Growth and fluorescence measurements of integrated promoter constructs in P. putida KT2440 were performed with a Biolector (M2P Labs, Baesweiler, Germany) in 96 well plates (Greiner Bio-One) with a filling volume of 200 μL. Cultures were inoculated to an optical density at 600 nm of 0.1 for each strain from precultures cultivated at 30 °C at 300 rpm in 24 well System Duetz plates (Enzyscreen, Heemstede, The Netherlands) containing 1.5 mL of previously described minimal medium. The Biolector was set to 30°C, 900 rpm and humidity control of 85 %. Two internal filter modules of the device were used for online measurement. Fluorescence of GFP was measured at excitation wavelength at 488 nm and emission wavelength of 520 nm with gain 50. Biomass was determined at 620 nm with gain 40 as scattered light. Scattered light was correlated to OD600 with a dilution series of a stationary phase culture. Determination of promoter activity was done with Microsoft Excel by calculating the slope of GFP fluorescence to optical density during the exponential phase.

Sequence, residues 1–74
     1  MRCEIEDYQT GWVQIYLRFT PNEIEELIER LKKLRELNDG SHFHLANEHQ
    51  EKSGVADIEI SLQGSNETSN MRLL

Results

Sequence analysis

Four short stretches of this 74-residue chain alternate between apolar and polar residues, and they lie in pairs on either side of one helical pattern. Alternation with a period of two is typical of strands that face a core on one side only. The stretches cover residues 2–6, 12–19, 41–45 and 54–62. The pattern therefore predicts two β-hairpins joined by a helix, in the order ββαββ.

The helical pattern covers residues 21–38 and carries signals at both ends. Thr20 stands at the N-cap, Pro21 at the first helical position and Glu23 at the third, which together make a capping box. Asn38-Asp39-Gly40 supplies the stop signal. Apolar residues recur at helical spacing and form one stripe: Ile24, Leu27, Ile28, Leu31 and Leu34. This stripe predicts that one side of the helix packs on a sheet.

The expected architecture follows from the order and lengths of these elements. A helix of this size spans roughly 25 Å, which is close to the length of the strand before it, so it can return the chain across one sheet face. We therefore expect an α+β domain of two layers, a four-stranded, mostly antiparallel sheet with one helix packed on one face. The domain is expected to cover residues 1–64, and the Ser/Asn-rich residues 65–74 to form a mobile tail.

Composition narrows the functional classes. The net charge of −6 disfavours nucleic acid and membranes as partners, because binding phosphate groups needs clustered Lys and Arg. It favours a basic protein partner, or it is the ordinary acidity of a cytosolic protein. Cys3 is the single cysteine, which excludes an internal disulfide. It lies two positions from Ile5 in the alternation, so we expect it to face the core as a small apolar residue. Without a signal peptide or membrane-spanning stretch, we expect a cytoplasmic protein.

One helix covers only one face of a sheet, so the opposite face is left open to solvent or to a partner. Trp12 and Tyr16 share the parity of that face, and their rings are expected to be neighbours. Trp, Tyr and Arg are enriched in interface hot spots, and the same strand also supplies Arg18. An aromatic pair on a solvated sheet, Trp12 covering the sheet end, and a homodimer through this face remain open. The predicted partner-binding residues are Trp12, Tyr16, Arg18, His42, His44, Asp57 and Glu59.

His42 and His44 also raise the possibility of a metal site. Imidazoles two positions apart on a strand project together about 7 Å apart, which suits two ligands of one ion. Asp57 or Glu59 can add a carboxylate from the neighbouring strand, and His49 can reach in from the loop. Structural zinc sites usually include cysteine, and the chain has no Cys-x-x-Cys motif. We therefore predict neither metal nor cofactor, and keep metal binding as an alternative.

Determination of Transcript Levels by Quantitative Real Time PCR